Last year was a doozy when it came to logistics challenges and 2021 seems poised for more supply chain pressures. The last thing you need during this critical time is a pest infestation that can destroy or contaminate products and slow down the delivery process. Even just one unchecked box or an undetected crack in a wall can allow pest into your warehouse and potentially contaminate goods.
Operating 24/7, facilities and warehouses along the supply chain are vulnerable to all sorts of pests. Rodents, for example, are always a concern. Many carry diseases and all are prone to gnawing on things, leaving feces and urine deposits. This is a risk not only to the materials you ship, but also to the facility itself. Flies, especially prolific during warmer weather, are possible in all types of facilities and can deposit bacteria every time they touch a surface. Roaches are notorious hitchhikers, hiding in boxes and finding ways to remain undetected while they multiply. Even birds can occasionally find their way in to disrupt your routine and threaten production.
You can proactively guard against these risks by remembering the five most vulnerable points in your supply chain and making sure your team follows preventive protocols to keep pests out.
1 Your suppliers. Consider the types of materials that flow through your facilities and know the pest threat to these products. For example, food manufacturers bring in tons of ingredients that are all potential introduction points and attractants for a variety of pests.
2 Your suppliers’ facilities. How much do you know about the facilities where your suppliers produce or store their goods and materials? The smallest crack or a door open too long can provide a tempting invitation for pests seeking shelter.
3 Your transport fleet. Even if your warehouse or manufacturing facility stays spotless, it remains vulnerable if your trucks don’t get the same level of sanitation scrutiny. Sourcing materials from new global partners can also be a source of new pest pressures. And, the longer goods are in transit, the risk just multiplies.
4 Packaging. Cardboard boxes are one of the first places you might spot pests in transit. Cockroaches can survive on the glue in packing boxes and tend to take shelter inside them.
5 Your warehouses. Your warehouses are a hive of activity, with loading docks opening and closing, transloading in constant motion, and storerooms sometimes holding shipments in tight spaces. These conditions flag multiple opportunities for pests to creep inside.
What are the best ways to manage these hot spots, so they don’t create unnecessary problems for your logistics? Here’s a checklist worth implementing:
· Ensure that your suppliers adhere to proper pest management practices that align with or exceed your own. It’s not a bad idea to visit them periodically to see their protocols firsthand and confirm that they take regular preventive measures to keep pests out.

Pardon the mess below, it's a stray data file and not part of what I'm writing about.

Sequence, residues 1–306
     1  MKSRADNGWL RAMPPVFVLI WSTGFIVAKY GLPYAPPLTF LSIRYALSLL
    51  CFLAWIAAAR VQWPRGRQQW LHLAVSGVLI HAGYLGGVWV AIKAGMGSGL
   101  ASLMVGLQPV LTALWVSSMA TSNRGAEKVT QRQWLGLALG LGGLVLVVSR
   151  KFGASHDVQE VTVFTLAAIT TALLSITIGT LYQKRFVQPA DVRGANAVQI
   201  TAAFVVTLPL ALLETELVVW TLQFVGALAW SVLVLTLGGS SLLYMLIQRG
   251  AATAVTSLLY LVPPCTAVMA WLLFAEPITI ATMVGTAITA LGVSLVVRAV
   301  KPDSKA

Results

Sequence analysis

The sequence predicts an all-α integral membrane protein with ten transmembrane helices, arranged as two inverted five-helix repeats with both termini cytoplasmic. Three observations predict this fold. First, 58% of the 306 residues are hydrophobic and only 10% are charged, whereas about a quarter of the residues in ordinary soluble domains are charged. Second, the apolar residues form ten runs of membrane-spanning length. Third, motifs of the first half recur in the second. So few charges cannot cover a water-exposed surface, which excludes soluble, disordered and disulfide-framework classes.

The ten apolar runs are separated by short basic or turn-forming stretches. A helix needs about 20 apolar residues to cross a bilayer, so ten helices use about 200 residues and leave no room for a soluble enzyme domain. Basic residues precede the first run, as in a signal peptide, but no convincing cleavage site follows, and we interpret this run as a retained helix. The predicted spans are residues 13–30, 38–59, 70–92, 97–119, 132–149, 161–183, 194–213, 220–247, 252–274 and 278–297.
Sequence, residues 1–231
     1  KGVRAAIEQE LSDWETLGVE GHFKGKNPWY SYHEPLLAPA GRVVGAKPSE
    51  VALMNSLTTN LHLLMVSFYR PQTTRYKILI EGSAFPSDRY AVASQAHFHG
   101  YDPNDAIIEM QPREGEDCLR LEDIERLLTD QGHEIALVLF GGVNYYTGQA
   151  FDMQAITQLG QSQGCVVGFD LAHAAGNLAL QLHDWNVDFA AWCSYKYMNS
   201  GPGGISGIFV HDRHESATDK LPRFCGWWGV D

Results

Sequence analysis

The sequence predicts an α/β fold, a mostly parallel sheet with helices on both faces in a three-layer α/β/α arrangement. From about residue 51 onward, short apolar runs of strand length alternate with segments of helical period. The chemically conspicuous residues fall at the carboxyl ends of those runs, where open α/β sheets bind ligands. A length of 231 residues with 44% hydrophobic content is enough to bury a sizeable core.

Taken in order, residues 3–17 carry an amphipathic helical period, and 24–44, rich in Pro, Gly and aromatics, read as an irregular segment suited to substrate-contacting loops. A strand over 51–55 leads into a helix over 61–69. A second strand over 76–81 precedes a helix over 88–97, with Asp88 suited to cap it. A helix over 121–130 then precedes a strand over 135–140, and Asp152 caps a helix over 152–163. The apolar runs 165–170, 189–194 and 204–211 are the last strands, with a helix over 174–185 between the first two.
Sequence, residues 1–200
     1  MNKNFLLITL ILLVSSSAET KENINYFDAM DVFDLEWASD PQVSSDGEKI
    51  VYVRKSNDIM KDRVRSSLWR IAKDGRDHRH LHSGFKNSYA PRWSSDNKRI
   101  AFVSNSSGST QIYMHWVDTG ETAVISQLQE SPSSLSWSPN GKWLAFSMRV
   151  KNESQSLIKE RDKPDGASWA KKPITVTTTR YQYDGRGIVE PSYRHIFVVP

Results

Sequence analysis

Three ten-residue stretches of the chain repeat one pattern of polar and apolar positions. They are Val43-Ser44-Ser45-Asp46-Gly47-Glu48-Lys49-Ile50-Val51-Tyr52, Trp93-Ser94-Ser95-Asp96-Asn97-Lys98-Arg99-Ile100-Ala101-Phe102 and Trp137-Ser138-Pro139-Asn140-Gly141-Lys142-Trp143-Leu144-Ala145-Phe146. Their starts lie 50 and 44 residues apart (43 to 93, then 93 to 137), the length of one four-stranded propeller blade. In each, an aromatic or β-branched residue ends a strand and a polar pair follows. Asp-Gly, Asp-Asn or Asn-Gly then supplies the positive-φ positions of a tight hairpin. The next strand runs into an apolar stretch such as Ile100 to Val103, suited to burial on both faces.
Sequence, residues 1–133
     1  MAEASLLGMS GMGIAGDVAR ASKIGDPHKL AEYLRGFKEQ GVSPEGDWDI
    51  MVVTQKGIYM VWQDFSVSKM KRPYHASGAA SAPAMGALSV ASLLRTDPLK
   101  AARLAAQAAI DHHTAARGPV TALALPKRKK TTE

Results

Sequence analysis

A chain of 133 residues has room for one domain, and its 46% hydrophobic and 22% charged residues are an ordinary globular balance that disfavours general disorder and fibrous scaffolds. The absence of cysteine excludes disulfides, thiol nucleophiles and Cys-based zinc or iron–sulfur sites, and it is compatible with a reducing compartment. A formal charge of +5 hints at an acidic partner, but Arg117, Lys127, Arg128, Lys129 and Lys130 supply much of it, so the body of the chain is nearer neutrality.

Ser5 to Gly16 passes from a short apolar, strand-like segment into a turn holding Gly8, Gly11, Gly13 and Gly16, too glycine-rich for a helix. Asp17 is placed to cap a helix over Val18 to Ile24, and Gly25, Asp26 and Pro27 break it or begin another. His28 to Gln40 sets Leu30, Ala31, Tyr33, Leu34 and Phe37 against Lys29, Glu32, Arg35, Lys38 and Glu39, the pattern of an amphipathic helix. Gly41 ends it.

· Inspect every delivery truck that enters your facility to be sure that pests are not hitchhiking inside.
· Do the same inspection for the trucks that leave your premises. You can be held responsible if the goods you ship out are contaminated en route on an untidy carrier.
· Check every box before it enters your warehouse. Look for gnaw or bite marks from rodents, pest droppings, spider or insect webbing and damaged or leaking containers. Use a black light to detect rodent urine on shipments.
· Inspect anything coming inside your facility - from reams of paper to snacks for your breakroom. Every incoming shipment presents the potential for a pest intrusion.
· If you spot a pest or evidence of one, immediately isolate the infested shipment and notify your supplier. Call your pest management partner so they can inspect the damaged delivery and provide a plan to mitigate the problem within 24 hours.
· Remove shipments from their packing containers while they are still on your loading dock and store goods inside on raised pallets or in open shelving away from the floor.
One thing is for sure—you can keep your facilities clean and enlist your entire team to watch for pest pressures with the right training and protocols. Here are some easy practices to help you do that:
· Implement training that educates all employees about pest pressures and how to spot and avoid them. Emphasize the value of risk management. Ask your pest management professional to help with this training.
· Insist on regular sanitation. A clean facility contributes to pest defense.
· Look outside. Pests originate from the outdoors, so make sure the environment around your facility doesn’t encourage pest hiding places. Maintain your landscaping and keep it away from buildings, regularly empty and clean garbage dumpsters and clear away any food debris or standing water.
· Audit the property and seal any opening that connects to the outside. Close cracks in walls and install door seals and sweeps.
· Practice first-in/first-out distribution. Your oldest products should always ship out first so that pests aren’t tempted to take up residence.
· Isolate problems. If you spot evidence of pest intrusion, isolate the product quickly to keep the issue from becoming more serious.
· If you manage multiple facilities, create a customized integrated pest management plan for each. Conditions at one site might differ from another.
When you think about it, your supply chain relies on multiple touchpoints and your reputation is only as strong as its weakest link. Partnering with a reputable pest management provider doesn’t just protect your facility from creepy, crawly intruders – it underscores the integrity of your business and its reputation for reliability.